The traffic in this area, being a business and residential area, drives the traffic up, and the rate of pollution is high. The people in the neighborhood are not bothered about health issues as they have more pressing issues (Penman-Aguilar, 2016). A family-like Joe's, which makes a single annual visit to the doctor, is doing well here; there's also very little community health awareness activities here: People are so busy juggling between several jobs and family. Thus, the social and community context of Joe's family does not support health sensitization per se.

Understanding all the surrounding SDOH for this family can help a care provider understand their health behaviors and choices and find the appropriate care and health education programs; using the information gathered to spot the health gaps and lifestyle issues is crucial for the family (People, 2020)Age Appropriate Screening for Each Family MemberThe family consists of the husband (30-49yrs), wife (39-49yrs) teenage son (17), teenage niece (15), 9-yr old daughter, and a 2yr old son. The study of the family structure can help prepare the appropriate screening for each family member towards better health awareness and general choices (Green, 2018).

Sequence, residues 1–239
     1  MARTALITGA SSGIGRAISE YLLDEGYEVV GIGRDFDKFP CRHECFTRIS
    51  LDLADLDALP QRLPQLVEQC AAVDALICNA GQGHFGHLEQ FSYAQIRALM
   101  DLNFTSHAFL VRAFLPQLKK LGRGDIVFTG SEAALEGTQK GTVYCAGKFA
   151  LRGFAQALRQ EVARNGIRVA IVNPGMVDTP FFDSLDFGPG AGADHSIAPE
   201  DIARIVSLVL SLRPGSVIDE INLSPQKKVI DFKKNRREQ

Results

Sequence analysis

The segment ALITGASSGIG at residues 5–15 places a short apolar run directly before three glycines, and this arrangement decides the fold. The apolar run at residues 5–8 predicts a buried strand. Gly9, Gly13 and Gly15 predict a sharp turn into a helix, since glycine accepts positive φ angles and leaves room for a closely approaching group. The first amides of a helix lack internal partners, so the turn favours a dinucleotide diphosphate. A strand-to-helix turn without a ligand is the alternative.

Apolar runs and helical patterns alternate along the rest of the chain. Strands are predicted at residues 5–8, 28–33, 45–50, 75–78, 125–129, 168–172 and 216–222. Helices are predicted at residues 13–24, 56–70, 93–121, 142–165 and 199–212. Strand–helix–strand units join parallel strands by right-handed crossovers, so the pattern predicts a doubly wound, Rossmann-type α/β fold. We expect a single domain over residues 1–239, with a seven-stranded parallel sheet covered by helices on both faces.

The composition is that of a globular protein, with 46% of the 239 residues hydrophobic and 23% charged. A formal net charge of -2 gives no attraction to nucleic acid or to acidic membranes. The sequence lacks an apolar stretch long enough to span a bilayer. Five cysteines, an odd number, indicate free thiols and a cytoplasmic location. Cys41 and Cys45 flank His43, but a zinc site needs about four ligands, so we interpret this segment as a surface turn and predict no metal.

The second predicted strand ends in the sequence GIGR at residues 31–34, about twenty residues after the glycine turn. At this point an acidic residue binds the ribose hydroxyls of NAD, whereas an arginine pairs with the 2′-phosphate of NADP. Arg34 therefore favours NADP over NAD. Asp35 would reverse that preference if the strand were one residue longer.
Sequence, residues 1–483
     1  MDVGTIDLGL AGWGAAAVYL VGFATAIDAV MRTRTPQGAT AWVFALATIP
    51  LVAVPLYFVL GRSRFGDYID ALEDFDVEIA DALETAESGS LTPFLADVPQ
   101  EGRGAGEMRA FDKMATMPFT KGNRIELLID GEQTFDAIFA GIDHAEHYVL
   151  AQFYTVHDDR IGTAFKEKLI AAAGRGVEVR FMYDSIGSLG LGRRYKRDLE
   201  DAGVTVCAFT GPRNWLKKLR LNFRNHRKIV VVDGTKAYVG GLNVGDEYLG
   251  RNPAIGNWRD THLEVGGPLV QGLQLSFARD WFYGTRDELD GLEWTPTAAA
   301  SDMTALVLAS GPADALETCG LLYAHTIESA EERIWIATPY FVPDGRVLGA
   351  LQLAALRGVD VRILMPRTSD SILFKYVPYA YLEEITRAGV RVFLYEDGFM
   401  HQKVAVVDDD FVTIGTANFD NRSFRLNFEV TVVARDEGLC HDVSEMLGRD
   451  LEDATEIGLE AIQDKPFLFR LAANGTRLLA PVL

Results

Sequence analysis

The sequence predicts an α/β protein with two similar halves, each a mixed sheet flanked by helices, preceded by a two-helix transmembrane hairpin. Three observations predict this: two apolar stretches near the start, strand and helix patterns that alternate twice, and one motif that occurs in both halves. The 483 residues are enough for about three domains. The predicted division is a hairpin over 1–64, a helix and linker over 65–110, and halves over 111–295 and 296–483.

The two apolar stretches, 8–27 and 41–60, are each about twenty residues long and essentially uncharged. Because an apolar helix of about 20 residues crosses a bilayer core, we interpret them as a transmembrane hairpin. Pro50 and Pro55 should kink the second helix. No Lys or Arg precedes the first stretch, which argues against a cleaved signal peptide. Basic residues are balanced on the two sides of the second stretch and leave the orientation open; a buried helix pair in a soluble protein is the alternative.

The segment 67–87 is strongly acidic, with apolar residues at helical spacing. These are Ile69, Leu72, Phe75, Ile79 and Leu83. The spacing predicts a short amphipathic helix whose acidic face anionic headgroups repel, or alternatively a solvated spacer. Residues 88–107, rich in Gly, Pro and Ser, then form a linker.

Joe and his wife Tina who are within the same age bracket are to be screened for obesity, diabetes, high cholesterol, high blood pressure, breast cancer (Tina only), cervical cancer (Tina only), colon cancer, prostate cancer (Joe only), HIV, tuberculosis, Hepatitis B & C, Chlamydia and Gonorrhea (CDC, 2016). In addition to these screening tests, they need to be sensitized on health awareness, especially due to the rising risk with age. This calls for a healthier lifestyle, mostly managed through diet and exercise. The teenagers can be screened for body and mind wellness where general body care like hygiene, exercise, body changes, body piercings, rest periods, checking of stress levels (observation of any unexpected tendencies) and general mental state is checked, and screening for any substance use (Sokol, 2019).

While not many lab tests are involved for teenagers, checks for weight, high blood pressure, diabetes, cholesterol, HIV, and hepatitis are checked. They are sensitized on developing healthy habits to maintain the right BMI, prevent injury, sexual health awareness, and avoiding substance abuse, which can be high due to peer influence(CDC, 2016). Tiana(9-year-old daughter) and baby Troy(2 years) are to be screened for obesity, diabetes, high cholesterol, high blood pressure, lead poisoning, tuberculosis, and iron deficiency anemia (Sokol, 2019).